When we think about what marketing does, B2B marketers have rightly focused on driving interest in their brand and producing content that matches a problem to their solution. The idea is that this makes it easier for prospects to identify their problem with the solution and begin the journey down the marketing funnel—usually some variation on Awareness, Research, Consideration, and Decision, otherwise known as ARCD.
In recent years, we’ve seen technologies crop up that help you take that same funnel and apply it to specific target accounts so that you’re focusing your limited marketing budget where you think you’ll get more from your investment. This adds precision to the way we market, but it doesn’t change the thinking that the goal of that content is to “drive leads down the funnel.” What if it’s not?
What if the single most important marketing-performance metric you should focus on isn’t closed-won deals but happy customers?
In our research into what buyers do and think throughout the technology-buying process, we found that technology buyers are different:
They’re highly aware and don’t flow through a traditional funnel: IT pros are always researching and consider themselves up on technologies that solve problems they anticipate their organization will have. That means that when they’re ready to solve a problem, they already know which tech they’re going to assess.
Advocates are the most trusted source of information at each stage of the buying lifecycle. And IT pros trust peer and third-party recommendations most, above case studies and customer testimonials, both of which rank above other marketing content.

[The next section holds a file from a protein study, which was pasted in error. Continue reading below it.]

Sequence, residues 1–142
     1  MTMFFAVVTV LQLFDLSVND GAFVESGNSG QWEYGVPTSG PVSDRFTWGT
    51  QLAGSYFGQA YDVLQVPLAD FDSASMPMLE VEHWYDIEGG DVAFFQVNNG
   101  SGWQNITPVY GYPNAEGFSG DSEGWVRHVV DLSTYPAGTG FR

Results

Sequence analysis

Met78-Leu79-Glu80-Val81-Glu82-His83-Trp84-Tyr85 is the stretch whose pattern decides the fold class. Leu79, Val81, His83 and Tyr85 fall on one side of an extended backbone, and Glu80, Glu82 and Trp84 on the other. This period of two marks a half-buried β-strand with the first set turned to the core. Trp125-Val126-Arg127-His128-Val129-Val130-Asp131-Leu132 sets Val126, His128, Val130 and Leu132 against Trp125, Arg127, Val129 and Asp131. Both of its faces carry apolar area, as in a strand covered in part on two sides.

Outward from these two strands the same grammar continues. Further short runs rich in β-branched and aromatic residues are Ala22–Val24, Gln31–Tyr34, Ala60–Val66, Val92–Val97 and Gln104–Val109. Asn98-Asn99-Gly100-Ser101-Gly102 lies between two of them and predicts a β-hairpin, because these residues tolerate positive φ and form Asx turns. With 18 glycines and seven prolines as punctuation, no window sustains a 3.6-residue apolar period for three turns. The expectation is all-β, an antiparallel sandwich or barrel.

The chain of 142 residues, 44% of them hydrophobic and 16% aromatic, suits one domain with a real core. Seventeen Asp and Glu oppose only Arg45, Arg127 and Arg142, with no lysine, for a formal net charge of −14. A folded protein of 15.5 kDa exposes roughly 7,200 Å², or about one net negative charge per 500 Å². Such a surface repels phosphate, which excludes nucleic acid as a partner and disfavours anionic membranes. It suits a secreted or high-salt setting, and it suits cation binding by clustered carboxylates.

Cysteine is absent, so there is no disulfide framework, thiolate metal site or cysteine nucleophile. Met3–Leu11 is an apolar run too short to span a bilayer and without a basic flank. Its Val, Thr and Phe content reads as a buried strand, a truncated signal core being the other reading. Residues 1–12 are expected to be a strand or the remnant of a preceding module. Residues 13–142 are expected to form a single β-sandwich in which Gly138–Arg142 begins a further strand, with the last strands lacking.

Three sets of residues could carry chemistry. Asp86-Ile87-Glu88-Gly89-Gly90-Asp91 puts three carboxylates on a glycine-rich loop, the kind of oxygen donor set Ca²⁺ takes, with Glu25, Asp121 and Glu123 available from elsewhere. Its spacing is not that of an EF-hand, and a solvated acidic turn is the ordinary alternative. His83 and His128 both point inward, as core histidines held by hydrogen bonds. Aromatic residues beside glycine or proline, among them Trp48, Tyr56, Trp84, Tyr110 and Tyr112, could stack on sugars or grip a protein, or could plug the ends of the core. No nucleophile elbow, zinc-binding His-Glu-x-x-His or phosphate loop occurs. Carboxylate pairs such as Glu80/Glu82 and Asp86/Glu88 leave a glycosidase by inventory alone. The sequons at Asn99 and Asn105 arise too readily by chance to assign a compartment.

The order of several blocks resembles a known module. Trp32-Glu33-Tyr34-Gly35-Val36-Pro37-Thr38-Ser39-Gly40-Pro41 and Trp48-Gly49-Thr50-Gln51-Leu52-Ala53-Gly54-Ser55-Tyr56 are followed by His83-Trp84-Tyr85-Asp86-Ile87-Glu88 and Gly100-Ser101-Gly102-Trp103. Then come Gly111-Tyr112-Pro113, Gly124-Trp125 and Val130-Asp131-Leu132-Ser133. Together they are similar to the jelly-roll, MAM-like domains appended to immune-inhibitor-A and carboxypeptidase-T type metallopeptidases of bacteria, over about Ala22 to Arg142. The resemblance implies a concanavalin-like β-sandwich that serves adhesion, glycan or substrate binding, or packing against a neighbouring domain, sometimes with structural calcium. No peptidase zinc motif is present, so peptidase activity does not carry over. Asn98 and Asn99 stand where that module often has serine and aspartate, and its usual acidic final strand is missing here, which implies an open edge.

Two different types of advocates exist: public and private. Public advocates are the ones you know about because they talk to you. They participate in your case studies and they give testimonials. You see their recommendations on social channels. Private advocates, who are far more common, fly under marketing’s radar.
We’ll publish more findings in the coming months. For now, I’ll share that these insights helped us arrive at the 5A Framework for the Technology Customer Lifecycle.
What’s the 5A Framework for the Technology Customer Lifecycle?
The 5As make up our model for marketing to customer experience across the technology-buying process, which is different from and more complex than the typical B2B buying journey.
The first thing you’ll notice is that we make Advocacy foundational. That’s because Advocacy is the core component—both the most influential content and the fundamental question marketers must address across the four other stages of the model.
Advocacy is the point when a prospect or customer has enough experience with a technology to feel that they can talk about it privately or publicly, positively or negatively. That can occur at any stage, even before they have actually purchased or when they are no longer a customer.
The next thing that will likely jump out at you is that we included Attrition. That’s because we found a critical moment for marketing in the process of abandoning a technology, and because abandonment can occur at multiple points in the customer lifecycle. Attrition most often occurs when a product has run its course, but it also can occur because of poor engagement post-sale by the vendor. This is the second most common reason cited by IT pros for abandoning a technology.
Here’s a quick rundown of how we define the stages.
Awareness: the point when a prospect or customer knows about a product or service and understands what it does.
Assessment: the period when a prospect or customer actively gathers requirements for a potential solution to an agreed-upon problem and considers their alternatives.
Adoption: the period when a customer makes a final decision and begins deployment.
Attrition: when a customer reaches the point where they decide the technology no longer works for them.
To learn about how we validated the structure of the framework, download the 5As brief.
To find out more about what this means for your marketing, read about what “customer experience” really means.